PHOENIX – CEO Jed York said he does not expect the Raiders’ move to Las Vegas to have a significant short-term benefit for the 49ers.
After all, there appears to be a clear delineation between the two fan bases.
“The easy thing to say is this is a great financial gain for the 49ers, which just isn’t the case,” York said from the NFL owners meetings on the 49ers Insider Podcast.
The Raiders moved from Oakland to Los Angeles in 1982, leaving the 49ers as the only NFL act in the Bay Area for 13 seasons. During that time the 49ers won four Super Bowls. But there were few tangible benefits to the 49ers that were directly associated with the Raiders' absence from the market.
“You did not see a huge increase in ticket revenue, sponsorship revenue, even in terms of overall exposure in the market, because I think Raiders fans and 49ers fans are just a different group of folks,” York said. “The Raiders fans aren’t necessarily loyal to a certain geographic location. They’re loyal to the Raiders. I think you’ll see those fans follow the Raiders to Las Vegas.”
York said “20-plus percent” of the 49ers’ season-ticket holders live in Alameda County. He said the only change he envisions would be the expansion of some of the 49ers’ philanthropic efforts to some of the East Bay’s underserved communities.
The 49ers’ home, Levi’s Stadium, was built with the design of accommodating two home teams. While the NFL might have preferred the 49ers and Raiders to forge a relationship with a shared stadium, like the New York Giants and Jets, the Raiders never seriously considered a move to the South Bay.
“We had the conversation with Mark (Davis), but when the stadium was up and running in Santa Clara, and Levi’s was really going, it really is the 49ers’ stadium,” York said. “I think there was a little hesitancy of truly being a tenant in somebody else’s stadium, which certainly makes sense that it wasn’t high on their priority list.”
The Raiders figure to remain in the Bay Area for three seasons until their new home in Southern Nevada is ready for NFL action. The Raiders have a lease at the Oakland Coliseum for the 2017 and ’18 seasons. Davis expressed a preference to extend the lease to 2019.
The 49ers would be open to discussing the possibility of the Raiders’ use of Levi’s Stadium – seemingly as a last resort for both sides.
“If that was an opportunity, we’d certainly sit down and discuss it,” York said. “But I think there are a lot of moving pieces right now and it’s really conjecture to talk about 2019 at this point when they’d still obviously prefer to stay at the Coliseum.”
PHOENIX – Cleveland coach Hue Jackson, whose team reportedly had some level of interest in Colin Kaepernick a year ago, has not seriously considered adding the free-agent quarterback to his weak quarterback position this offseason.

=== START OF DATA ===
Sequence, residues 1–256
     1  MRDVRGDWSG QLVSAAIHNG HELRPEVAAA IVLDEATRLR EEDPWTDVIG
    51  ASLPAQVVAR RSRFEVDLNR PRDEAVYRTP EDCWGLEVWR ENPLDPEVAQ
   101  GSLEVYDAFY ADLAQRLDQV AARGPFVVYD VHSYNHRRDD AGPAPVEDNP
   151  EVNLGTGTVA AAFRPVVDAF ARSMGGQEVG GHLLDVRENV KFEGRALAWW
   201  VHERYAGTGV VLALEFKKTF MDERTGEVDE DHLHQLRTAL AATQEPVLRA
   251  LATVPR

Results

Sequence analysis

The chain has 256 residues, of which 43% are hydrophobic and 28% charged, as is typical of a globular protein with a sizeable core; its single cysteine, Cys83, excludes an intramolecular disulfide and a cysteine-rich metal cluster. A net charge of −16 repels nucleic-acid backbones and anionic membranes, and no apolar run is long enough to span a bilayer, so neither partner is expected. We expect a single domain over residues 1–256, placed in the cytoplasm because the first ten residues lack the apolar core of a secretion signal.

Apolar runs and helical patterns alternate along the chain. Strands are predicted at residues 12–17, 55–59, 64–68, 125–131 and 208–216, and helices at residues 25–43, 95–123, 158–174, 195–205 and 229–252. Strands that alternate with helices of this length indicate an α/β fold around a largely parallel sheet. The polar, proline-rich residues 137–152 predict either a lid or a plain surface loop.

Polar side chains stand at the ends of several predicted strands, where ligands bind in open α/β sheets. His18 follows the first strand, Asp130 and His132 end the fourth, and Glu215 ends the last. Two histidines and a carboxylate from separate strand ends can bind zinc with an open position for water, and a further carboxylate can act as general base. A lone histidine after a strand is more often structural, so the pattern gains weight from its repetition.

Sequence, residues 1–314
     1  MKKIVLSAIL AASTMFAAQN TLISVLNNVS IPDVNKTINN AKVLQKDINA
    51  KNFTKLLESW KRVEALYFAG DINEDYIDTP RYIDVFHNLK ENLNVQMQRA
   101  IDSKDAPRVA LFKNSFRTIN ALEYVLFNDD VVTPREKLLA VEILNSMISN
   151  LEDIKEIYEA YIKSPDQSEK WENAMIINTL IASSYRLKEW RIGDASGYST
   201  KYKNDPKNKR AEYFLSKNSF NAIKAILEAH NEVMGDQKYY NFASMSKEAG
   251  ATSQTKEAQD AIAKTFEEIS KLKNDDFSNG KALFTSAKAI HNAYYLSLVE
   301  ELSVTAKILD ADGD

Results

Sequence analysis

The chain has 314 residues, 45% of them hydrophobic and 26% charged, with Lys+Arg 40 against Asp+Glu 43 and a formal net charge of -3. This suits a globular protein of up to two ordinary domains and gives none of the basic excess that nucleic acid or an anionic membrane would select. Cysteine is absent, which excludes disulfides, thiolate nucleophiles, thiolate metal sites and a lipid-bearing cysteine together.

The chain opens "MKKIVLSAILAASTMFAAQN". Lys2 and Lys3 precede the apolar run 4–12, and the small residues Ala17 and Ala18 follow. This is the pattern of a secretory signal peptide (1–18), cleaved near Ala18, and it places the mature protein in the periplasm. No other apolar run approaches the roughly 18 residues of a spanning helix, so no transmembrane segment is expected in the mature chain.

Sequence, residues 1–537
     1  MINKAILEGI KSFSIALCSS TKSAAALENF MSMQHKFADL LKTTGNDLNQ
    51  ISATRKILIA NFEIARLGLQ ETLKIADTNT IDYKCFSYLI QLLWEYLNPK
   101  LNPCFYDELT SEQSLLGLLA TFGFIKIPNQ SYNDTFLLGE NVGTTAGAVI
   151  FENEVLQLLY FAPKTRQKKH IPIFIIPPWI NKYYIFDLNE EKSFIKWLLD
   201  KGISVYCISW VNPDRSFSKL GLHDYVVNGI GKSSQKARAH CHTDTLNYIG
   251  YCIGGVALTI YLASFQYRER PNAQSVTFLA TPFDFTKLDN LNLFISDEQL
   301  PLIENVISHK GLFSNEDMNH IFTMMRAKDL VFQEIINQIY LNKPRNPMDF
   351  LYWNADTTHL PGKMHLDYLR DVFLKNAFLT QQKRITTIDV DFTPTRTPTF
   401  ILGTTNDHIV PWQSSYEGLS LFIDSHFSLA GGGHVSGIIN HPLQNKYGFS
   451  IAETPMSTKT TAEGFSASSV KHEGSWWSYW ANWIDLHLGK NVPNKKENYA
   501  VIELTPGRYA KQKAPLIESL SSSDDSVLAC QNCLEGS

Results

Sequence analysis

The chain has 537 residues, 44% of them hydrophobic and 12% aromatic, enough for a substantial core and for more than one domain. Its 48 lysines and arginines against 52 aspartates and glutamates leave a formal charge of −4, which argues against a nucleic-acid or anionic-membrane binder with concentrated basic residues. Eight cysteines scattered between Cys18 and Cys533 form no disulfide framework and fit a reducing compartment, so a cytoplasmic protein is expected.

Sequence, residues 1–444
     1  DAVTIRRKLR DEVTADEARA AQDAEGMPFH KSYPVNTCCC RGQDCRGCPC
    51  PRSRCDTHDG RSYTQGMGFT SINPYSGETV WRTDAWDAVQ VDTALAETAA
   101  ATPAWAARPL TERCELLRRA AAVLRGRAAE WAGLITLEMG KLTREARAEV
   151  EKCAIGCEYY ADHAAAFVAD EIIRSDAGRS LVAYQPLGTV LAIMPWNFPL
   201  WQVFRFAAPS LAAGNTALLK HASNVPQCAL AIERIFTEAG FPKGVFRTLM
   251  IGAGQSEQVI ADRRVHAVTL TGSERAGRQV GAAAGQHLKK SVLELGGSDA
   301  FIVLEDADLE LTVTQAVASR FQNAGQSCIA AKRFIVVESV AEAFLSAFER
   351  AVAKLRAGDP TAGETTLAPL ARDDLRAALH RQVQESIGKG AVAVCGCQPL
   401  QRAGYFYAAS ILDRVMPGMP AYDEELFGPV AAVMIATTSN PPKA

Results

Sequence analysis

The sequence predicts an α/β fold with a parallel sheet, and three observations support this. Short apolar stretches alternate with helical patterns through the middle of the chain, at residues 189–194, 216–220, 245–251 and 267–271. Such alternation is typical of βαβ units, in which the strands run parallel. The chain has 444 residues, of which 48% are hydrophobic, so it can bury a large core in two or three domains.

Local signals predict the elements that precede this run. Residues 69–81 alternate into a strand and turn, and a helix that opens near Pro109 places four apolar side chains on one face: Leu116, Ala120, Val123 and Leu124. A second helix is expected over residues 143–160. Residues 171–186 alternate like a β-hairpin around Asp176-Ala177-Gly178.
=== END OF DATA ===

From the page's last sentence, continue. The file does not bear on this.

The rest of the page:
“We haven’t done any homework for this year,” Jackson said Tuesday morning at the NFL owners meetings. “My homework would’ve been for 2011 on Colin. We haven’t done much more since then, to be very honest with you. So, because, there are some other guys we’re chasing.
“It doesn’t mean that we won’t go back and re-visit him. It all depends on how everything shakes out over the next several weeks.”
Kaepernick, who entered the NFL as a second-round draft pick of the 49ers in 2011, remains unsigned three weeks after teams were allowed to begin discussions with free agents. The 49ers have not shown any interest in re-signing Kaepernick, who threw 16 touchdowns with four interceptions for a passer rating of 90.7 in 11 starts in 2016.
The 49ers gave Kaepernick permission a year ago to seek a trade. The Denver Broncos and Browns were the teams most closely connected with Kaepernick.
“It didn’t get really that deep,” Jackson said. “I know everybody was reporting that we were in it. I don’t think it was as deep as people said it was. It was always kind of known that he was not leaving. So your work has to be done when you know there’s a legitimate opportunity for things to happen. What I know of Colin is what I know. I have not studied him much since the time when he was coming out.”
The Broncos and 49ers had the framework of a deal worked out, but the trade hit a dead end when Kaepernick, the Broncos and the 49ers could not settle issues surrounding the guaranteed money on Kaepernick’s contract.
The 49ers and Kaepernick renegotiated his contract in October, which enabled Kaepernick to opt out of his deal and become a free agent this month.
The lack of apparent interest in Kaepernick around the NFL appears to have multiple layers. Some teams are not interested because they have no need at quarterback. Some teams do not run offensive systems that would appear to suit Kaepernick. And other teams might not be interested in adding a player who created a controversy last season with his decision to kneel during the national anthem as a protest against racial inequality in the United States.
When asked if he considers the off-the-field aspect associated with Kaepernick, Jackson answered, “I think we will consider it if that was somebody that we were going to target. We’re just not in that mood right now.”